Multiple myeloma is a lethal cancer of the bone marrow which is commonly treated with a stem cell transplant. With new anti-cancer treatments available, skeptics have started to question the safety of a stem cell transplant, prompting researchers to investigate.
Multiple myeloma (MM) is a lethal form of cancer of the bone marrow, specifically affecting plasma cells. Normally, plasma cells are an integral part of our immune system making antibodies that protect us against bacterial and viral infections. However, when they become cancerous they severely damage the bone marrow’s ability to produce red blood cells which leads to anemia, fatigue, weight loss, and other severe health complications.
According to Statistics Canada, 2,900 Canadians were diagnosed with multiple myeloma in 2017, with 1,450 deaths directly from this disease. With a five-year survival rate of only 42%, multiple myeloma is one of the deadliest cancers affecting Canadians lives.
Many question the ‘gold standard’ treatment
For the past 35 years, an autologous stem cell transplant has been the gold standard for treating multiple myeloma patient. This transplantation involves harvesting healthy stem cells from a donor and introducing them into the patient to repopulate their bone marrow with healthy stem cells.
Yet, with the development of new cancer treatment techniques, many have started to question if stem cell transplant is effective and safe for patients in our current healthcare system. In a recent study published in the Mayo Clinic Proceedings, researchers in the USA investigated if stem cell transplant is safe for treating multiple myeloma.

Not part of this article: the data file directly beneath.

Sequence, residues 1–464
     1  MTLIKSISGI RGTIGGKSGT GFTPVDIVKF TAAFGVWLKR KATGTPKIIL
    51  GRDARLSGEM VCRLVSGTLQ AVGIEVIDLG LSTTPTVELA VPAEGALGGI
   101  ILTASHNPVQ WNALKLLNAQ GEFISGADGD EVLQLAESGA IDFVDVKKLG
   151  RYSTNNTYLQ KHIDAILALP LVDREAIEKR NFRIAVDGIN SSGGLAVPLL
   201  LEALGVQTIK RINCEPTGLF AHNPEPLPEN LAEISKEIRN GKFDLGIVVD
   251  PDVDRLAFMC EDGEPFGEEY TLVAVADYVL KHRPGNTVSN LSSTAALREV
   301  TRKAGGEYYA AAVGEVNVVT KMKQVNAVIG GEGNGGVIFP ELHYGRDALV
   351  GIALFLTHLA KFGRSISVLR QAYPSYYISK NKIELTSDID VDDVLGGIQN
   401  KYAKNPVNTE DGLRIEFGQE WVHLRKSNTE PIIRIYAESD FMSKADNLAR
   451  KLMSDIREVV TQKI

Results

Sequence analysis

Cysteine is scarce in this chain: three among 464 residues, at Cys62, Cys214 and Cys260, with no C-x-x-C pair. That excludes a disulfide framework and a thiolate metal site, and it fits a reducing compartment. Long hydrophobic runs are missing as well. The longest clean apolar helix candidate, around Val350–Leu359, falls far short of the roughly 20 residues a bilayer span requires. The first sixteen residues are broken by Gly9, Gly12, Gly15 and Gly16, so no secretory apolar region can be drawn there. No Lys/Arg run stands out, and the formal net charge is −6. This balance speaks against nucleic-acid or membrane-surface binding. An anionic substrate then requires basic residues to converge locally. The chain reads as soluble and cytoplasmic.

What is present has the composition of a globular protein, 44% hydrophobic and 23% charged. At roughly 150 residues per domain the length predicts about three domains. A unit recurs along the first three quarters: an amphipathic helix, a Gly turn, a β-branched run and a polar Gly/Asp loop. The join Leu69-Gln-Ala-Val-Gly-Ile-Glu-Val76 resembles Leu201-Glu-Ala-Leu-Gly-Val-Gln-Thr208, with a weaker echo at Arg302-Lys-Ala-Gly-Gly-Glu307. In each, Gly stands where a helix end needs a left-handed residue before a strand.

Researchers monitored 1,078 multiple myeloma patients that were being treated with stem cell transplants at the Mayo Clinic between Jan 1, 2008, to May 1, 2017. The patients were tracked for 100 days to calculate the survivability rate and length of inpatient stay after stem cell transplantation.
Stem cell transplantation offers a safe method for treating multiple myeloma
Overall, the researchers found the 100-day survivability rate of multiple myeloma patients receiving a stem cell transplant o be 0.3%, with a median in-patient length of zero days. This suggests that stem cell transplantation is a safe method for treating multiple myeloma with low risk of lethal complications. Out of the 1,078 patients monitored, only three participants died during the 100 days following the transplant, partially due to other health complications. The researchers found no patients over 65 died during the study but some patients over 75 had an average inpatient stay of four days, suggesting that stem cell transplant carries more risk for older patients but is still relatively safe.
Multiple myeloma is a lethal cancer of the bone marrow which is commonly treated with a stem cell transplant. With new anti-cancer treatments available, skeptics have started to question the safety of a stem cell transplant, prompting researchers to investigate. From this study conducted at the Mayo Clinic, it is clear that a stem cell transplant is still the gold standard for treating multiple myeloma patients with minimal risks of complications.
Written by Aaron Kwong, MSc
(1) Hogan, W, et al. Safety Outcomes for Autologous Stem Cell Transplant in Multiple Myeloma. Mayo Clinic. 2018.
(2) Canadian Cancer Society. Canadian Cancer Statistics 2017. Cancer Soc. 2017, 1–132 (2017).